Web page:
As asset owners and operators, a considerable amount of digging activity is carried out to install, maintain and repair our critical assets. By adopting safe digging practices, we can ensure that our workers stay safe, and our network undamaged, as well as the rest of the UK’s underground infrastructure by association.
Through initiatives such as National Safe Digging Week, there has never been more awareness around the benefits of searching before digging. Construction workers, contractors and the general public are now more conscious of what pipes and cables might lie beneath them, keeping people and networks safer than ever.
In fact, it is surprising that, whilst they are now in the minority, there are still some utility network operators not sharing their asset information through a collaborative and central service. Added to that, there are people who are happy to dig ‘blind’. The ramifications of both can be huge.
To help spread some safe digging awareness, we have highlighted the top five consequences of ‘digging blind’:
1. Serious Injury/death
It should go without saying but striking an electricity cable or a gas/high pressure fuel pipeline can result in serious injury, or fatality. Given that it takes less than two minutes to perform an asset search, and anyone can undertake a search, there is no barrier to doing the right thing.
2. Costly repairs
Asset strikes not only cause damage to pipes and cables and harm to the person/people doing the digging, but they are also incredibly costly, hitting businesses hard in the pocket.
In the latest Digging Up Britain report, it suggests that, based on research by the University of Birmingham, the true cost of a utility strike is almost 29 times more than the direct cost of the strike. This means that the true cost of a 'typical' £3,000 utility strike is nearly £90,000.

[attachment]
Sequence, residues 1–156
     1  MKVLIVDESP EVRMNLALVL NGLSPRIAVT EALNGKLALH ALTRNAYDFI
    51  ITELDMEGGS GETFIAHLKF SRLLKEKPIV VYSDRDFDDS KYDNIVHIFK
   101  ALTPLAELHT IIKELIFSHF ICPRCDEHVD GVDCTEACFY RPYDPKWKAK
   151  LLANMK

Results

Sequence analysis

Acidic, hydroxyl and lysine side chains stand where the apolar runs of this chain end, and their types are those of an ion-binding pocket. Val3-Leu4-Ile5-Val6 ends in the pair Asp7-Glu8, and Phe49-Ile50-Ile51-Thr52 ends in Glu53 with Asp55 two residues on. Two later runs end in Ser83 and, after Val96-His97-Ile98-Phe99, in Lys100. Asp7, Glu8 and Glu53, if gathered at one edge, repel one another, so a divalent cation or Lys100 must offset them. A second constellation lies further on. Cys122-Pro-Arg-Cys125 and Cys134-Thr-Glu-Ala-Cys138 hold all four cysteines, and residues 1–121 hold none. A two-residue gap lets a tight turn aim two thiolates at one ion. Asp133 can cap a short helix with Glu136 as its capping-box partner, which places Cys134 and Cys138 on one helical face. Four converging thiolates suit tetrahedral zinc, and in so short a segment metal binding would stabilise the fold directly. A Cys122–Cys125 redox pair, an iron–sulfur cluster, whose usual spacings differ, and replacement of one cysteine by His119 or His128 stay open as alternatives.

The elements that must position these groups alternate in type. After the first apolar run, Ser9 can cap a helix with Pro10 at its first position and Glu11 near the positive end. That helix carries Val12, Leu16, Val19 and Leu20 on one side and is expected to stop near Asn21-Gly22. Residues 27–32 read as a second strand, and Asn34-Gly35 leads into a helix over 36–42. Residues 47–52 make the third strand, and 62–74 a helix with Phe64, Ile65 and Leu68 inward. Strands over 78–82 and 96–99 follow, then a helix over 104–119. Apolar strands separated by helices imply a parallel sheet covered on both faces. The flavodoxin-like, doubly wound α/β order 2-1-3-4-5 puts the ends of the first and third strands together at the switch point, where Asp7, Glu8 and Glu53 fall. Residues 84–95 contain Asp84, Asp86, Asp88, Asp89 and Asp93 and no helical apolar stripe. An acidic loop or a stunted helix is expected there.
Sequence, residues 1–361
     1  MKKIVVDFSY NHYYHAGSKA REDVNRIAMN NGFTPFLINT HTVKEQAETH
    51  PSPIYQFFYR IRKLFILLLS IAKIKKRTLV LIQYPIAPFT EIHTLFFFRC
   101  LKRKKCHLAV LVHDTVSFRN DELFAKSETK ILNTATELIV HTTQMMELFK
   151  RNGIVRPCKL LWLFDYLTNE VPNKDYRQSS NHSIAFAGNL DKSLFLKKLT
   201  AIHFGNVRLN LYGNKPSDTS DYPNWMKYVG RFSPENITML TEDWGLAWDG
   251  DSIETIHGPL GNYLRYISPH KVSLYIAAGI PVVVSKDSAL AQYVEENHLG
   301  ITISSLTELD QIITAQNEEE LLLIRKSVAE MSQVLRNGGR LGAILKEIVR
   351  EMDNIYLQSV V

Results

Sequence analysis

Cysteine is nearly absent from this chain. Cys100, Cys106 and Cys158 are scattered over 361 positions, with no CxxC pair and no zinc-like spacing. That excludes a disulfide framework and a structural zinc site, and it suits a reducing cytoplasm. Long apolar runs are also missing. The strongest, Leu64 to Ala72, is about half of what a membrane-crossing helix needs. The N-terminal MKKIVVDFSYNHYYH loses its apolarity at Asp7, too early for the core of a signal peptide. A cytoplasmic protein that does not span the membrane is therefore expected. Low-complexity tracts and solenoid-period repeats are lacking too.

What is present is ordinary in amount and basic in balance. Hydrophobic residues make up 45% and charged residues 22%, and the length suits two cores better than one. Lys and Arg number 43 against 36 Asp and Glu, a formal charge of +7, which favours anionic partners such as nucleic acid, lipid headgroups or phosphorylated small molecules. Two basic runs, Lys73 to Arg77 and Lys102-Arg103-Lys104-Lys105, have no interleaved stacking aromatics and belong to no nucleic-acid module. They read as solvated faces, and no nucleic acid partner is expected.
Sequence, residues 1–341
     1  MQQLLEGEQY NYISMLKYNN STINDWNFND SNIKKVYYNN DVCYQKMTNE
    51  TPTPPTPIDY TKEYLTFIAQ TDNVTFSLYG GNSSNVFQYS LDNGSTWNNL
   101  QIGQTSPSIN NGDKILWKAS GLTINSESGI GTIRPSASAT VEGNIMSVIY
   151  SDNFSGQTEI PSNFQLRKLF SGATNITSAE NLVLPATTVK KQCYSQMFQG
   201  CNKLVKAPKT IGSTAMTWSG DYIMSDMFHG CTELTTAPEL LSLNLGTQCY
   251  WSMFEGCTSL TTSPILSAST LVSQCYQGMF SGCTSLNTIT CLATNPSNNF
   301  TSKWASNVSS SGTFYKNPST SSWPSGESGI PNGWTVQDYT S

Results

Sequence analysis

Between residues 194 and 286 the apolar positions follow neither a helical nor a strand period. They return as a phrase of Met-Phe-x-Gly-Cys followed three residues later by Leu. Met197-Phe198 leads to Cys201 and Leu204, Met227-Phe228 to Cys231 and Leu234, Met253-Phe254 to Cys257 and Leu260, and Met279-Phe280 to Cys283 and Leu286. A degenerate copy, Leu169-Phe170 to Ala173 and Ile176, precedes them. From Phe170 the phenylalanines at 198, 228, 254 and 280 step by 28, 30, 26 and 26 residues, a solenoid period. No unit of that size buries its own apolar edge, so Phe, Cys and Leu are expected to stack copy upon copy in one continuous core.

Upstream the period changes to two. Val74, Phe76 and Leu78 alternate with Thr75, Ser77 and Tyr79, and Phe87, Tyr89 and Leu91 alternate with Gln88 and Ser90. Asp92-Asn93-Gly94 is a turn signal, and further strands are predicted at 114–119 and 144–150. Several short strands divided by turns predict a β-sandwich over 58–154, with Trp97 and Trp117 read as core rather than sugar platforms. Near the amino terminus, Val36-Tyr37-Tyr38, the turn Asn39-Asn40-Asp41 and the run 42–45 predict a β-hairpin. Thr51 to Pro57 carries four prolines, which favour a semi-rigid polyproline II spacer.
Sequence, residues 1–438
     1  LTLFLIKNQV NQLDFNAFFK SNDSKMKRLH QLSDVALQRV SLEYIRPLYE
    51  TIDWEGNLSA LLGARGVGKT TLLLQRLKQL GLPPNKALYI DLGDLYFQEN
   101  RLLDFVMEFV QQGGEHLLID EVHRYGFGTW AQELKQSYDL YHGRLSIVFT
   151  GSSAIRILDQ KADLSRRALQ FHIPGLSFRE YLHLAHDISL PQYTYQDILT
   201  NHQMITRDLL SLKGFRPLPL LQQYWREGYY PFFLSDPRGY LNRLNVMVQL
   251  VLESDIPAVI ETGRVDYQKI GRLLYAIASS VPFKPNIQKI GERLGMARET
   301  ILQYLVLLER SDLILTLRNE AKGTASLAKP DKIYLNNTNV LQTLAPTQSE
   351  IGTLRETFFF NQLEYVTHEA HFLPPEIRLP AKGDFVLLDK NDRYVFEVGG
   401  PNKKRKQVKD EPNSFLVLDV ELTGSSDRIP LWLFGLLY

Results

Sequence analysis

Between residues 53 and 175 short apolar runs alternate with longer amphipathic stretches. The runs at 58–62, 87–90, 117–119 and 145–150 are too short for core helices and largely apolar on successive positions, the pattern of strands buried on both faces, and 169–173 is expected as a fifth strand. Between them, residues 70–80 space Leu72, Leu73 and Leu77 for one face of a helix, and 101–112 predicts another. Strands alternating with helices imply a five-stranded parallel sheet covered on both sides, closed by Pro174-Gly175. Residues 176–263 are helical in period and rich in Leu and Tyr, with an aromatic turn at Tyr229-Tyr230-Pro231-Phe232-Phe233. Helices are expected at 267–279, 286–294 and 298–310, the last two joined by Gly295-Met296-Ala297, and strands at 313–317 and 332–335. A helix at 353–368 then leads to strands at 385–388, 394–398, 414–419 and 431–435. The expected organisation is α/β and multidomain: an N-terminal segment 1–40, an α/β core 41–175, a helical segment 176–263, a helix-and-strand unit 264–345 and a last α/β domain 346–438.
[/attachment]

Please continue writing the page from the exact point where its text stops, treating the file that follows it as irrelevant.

3. Substantial flooding
There is a perception that ‘hitting’ a water pipe is less significant than striking an electricity cable or high pressure fuel line, but this is far from the truth. The implications are just different. There may be less of an initial risk to life when a water pipe bursts, but the damage can still be substantial and implications to customers served by the network very significant.
In 2019, a farmer from Derbyshire hit a water pipe whilst knocking in some fence posts, causing a 100ft ‘wall of water’. This triggered floods that cascaded down to neighbouring villages and caused severe damage to homes, businesses and livelihoods.
4. Cutting Off Critical Utilities
Third party damage is one of the main contributors to outages, leaving neighbourhoods and residents unable to perform necessary, everyday tasks. This causes disruption to communities and embarrassment to the ‘culprit’. Plus, it has a real and costly impact on the utility provider, leaving reputations in tatters, or with them fundamentally not able to supply a service to their customers.
5. No broadband, no WFH
With working from home becoming increasingly popular, especially post-COVID, having a reliable broadband connection is essential. Simply put, if there is no service, people are not able to do their job.
So, minimising disruption and avoiding any fibre/cable damage from third parties is crucial. This is easily done with a quick search.
With these top five implications in mind, we encourage all companies within the Utility Industry to join us in recognising the importance of safe digging, and the start of National Safe Digging Week from Monday 4th July. Let’s raise awareness and remember, always ‘search before you dig’.
To find out more about the upcoming awareness week, please visit: